"Outside the neighbourhood, the business is stable," Mr. Albertini said. "The problem inside is the real-estate market. Rents have skyrocketed as big clothing and shoe retailers have moved in. Semaest offers a variety of subsidies and assistance, including the first three months of occupancy at no charge and rents at below-market rates. The agency acquires properties either by buying up vacant space outright or by stepping in to pre-empt any private sale or lease. Vigilant residents often alert the city when a store is changing hands or a tenant leaves. "But sometimes we only learn about it once it's done," Mr. Albertini said. "A bookstore may still disappear without our knowing about it."

So far, the agency has spent about €3-million to buy space in the Latin Quarter that it now rents to two bookshops and a small publishing company that specializes in hard-to-find literary classics. Four other property purchases are in the works.

Alexandre de Nunez, an Argentine-born radio journalist, bid successfully to take over a space that Semaest bought from the owner of an electronics store near the Panthéon.

He just opened El Salon del libro, an airy art-filled specialty bookshop dedicated to Spanish-language works and French translations of Latin American authors. The only other surviving bookstore of its kind had moved out of the Latin Quarter six years ago.

"People are still buying books," Mr. de Nunez said. "That's not the problem. The big problem is the rents in this neighbourhood. You'd have to sell books at three times the normal price to be able to pay some of these rents."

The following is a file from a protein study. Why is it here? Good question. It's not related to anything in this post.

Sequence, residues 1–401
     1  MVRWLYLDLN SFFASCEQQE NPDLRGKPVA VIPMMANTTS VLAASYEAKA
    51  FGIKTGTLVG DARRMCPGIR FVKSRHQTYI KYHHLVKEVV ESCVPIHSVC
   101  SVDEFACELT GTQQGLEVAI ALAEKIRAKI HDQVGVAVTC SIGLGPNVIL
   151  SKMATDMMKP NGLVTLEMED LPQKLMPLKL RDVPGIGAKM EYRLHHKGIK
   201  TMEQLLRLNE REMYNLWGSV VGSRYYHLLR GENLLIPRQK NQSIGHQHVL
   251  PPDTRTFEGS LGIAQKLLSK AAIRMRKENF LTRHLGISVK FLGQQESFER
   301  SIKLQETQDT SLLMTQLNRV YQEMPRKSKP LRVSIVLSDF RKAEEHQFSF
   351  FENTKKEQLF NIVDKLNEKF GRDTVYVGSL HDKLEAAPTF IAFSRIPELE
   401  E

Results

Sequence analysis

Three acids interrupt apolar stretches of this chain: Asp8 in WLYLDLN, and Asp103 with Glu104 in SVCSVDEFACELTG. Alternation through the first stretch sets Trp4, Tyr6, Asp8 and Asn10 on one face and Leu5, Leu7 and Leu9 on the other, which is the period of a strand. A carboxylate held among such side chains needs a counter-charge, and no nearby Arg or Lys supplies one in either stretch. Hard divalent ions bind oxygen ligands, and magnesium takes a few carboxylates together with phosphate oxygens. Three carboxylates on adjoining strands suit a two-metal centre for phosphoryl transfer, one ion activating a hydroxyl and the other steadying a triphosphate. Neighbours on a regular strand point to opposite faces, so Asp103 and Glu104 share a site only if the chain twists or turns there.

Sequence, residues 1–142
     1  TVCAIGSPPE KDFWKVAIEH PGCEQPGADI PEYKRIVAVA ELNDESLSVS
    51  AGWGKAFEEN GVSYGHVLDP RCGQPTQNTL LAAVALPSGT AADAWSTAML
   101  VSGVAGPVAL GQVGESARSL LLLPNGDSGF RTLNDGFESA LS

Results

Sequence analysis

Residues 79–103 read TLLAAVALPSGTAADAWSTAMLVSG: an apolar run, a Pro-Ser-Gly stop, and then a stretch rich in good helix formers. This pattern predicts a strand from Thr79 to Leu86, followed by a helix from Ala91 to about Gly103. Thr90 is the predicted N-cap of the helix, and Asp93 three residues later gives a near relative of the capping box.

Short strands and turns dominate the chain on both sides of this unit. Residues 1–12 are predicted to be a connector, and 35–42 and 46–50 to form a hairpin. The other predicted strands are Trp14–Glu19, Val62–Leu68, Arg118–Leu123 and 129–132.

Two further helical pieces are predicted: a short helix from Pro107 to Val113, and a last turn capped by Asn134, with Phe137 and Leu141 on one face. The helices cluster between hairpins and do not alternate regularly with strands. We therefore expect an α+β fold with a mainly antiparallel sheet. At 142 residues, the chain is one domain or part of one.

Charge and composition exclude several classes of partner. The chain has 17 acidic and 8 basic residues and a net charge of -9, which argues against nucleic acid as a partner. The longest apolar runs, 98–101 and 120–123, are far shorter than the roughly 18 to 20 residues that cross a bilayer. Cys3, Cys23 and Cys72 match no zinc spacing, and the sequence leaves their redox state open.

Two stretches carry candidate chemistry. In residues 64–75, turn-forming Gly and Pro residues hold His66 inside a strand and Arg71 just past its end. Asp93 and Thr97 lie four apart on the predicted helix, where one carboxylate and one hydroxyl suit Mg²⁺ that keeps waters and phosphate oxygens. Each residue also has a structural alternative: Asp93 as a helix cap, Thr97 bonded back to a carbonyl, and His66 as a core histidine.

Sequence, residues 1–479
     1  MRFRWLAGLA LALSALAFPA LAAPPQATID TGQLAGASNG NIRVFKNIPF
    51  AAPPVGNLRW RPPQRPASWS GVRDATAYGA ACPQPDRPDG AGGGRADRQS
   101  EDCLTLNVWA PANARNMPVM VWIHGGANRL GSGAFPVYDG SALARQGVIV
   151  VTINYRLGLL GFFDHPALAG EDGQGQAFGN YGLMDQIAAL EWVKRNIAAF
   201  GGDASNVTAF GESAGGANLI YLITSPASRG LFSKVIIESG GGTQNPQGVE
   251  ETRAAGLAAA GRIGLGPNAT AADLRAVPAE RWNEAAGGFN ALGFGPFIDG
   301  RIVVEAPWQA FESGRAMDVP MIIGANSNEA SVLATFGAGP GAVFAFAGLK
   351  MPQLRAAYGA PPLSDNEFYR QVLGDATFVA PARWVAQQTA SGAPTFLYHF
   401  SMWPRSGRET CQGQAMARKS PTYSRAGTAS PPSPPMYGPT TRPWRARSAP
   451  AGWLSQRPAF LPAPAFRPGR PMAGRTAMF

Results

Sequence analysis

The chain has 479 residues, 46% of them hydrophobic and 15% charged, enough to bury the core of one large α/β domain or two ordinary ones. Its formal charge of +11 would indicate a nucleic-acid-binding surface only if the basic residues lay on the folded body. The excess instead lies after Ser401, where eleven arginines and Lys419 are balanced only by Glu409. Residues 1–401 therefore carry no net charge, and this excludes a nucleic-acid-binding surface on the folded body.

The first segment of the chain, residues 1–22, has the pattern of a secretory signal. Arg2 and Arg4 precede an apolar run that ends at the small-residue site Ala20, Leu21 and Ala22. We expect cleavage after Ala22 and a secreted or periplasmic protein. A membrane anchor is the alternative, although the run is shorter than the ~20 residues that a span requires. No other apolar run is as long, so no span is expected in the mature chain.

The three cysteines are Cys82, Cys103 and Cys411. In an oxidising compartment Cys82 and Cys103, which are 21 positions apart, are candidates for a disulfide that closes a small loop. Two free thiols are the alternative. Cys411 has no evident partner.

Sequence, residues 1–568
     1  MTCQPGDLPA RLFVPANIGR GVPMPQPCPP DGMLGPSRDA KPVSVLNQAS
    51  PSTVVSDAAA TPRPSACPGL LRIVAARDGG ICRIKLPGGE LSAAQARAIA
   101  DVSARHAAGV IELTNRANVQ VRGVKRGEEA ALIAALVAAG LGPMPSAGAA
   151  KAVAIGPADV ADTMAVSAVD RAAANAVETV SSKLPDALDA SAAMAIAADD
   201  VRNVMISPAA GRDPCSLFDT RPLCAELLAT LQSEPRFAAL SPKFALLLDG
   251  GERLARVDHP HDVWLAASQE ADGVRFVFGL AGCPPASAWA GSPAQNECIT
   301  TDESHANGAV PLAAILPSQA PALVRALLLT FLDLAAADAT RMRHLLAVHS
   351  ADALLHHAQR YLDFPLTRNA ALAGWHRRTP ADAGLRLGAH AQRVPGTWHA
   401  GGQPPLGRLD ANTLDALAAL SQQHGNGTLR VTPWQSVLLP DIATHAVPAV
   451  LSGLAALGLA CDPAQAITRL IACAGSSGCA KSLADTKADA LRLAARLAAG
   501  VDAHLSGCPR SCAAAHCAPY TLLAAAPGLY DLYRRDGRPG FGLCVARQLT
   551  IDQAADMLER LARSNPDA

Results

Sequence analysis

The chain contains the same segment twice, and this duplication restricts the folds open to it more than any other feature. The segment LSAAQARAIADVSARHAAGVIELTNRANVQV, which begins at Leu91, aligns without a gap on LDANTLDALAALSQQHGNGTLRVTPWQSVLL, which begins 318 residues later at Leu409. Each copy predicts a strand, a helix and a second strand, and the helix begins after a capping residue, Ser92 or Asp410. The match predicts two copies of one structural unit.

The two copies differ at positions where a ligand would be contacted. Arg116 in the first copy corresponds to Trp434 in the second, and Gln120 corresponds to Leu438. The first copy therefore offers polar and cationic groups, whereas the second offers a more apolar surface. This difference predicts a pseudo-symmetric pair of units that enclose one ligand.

The Latin Quarter redevelopment project is in line with other French government programs to support the industry.

Book prices, for example, are fixed at the publishers' price and Internet vendors cannot discount books by more than 5 per cent off the cover price. The National Book Centre, another government agency, provides no-interest loans and subsidies to independent bookshops as well as publishing houses.

"There's a general climate of protection for the underdog and small businesses," said Brian Spence, the owner of the Abbey Bookshop who moved his business from Toronto to the Latin Quarter 20 years ago.

Paris remains a book lover's mecca, he added, but independent booksellers have trouble competing with the big designer fashion stores that have been moving onto their traditional turf. "These stores come because the neighbourhood has such cachet, which is ironic because the Latin Quarter has become more charming because of the booksellers," Mr. Spence said.

The city's Semaest agency has an overall budget of €34-million for all its neighbourhood redesign projects. But Mr. Albertini, its director, said he does not have a specific spending plan for the Latin Quarter. Nor does he think in terms of how many bookstores would be enough bookstores for the neighbourhood.

"We don't have a numerical or percentage goal," he said. "Our job is to stop the decline, to re-energize and to create the right conditions."